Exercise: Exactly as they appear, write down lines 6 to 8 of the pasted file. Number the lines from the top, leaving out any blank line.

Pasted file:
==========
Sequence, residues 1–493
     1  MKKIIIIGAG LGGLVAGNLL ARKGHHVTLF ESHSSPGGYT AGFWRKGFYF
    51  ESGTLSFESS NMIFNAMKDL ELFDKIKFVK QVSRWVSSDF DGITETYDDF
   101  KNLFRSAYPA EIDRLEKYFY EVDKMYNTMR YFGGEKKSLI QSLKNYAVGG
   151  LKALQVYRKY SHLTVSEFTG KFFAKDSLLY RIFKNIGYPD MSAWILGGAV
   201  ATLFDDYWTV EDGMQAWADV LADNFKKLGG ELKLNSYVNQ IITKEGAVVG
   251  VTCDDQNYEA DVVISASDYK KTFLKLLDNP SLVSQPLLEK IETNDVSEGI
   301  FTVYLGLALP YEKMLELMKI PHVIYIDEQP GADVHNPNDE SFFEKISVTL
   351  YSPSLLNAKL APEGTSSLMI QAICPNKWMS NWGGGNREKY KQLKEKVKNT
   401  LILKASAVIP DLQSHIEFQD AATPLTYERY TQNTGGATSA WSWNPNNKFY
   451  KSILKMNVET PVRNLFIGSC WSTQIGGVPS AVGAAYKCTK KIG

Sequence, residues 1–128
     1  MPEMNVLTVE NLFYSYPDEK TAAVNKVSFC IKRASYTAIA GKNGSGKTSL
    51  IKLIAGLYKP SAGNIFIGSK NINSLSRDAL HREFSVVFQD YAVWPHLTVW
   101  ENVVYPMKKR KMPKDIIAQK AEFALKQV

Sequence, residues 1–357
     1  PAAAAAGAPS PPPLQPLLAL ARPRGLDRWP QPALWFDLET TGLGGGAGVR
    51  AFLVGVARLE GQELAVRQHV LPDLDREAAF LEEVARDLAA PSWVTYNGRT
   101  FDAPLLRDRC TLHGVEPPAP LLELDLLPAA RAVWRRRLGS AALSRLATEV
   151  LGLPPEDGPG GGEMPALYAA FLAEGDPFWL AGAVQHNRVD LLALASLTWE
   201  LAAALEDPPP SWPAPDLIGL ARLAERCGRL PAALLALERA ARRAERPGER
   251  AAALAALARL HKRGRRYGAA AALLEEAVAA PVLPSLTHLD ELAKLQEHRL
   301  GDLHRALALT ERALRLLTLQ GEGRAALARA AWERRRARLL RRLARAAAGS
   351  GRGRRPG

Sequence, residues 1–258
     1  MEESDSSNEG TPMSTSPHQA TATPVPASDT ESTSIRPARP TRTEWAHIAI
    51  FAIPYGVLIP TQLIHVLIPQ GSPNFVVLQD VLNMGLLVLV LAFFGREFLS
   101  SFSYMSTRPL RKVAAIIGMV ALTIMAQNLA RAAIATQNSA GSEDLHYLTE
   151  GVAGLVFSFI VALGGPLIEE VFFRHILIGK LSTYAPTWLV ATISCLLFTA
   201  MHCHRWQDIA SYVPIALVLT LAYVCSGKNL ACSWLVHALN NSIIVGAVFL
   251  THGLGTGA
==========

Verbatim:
   201  ATLFDDYWTV EDGMQAWADV LADNFKKLGG ELKLNSYVNQ IITKEGAVVG
   251  VTCDDQNYEA DVVISASDYK KTFLKLLDNP SLVSQPLLEK IETNDVSEGI
   301  FTVYLGLALP YEKMLELMKI PHVIYIDEQP GADVHNPNDE SFFEKISVTL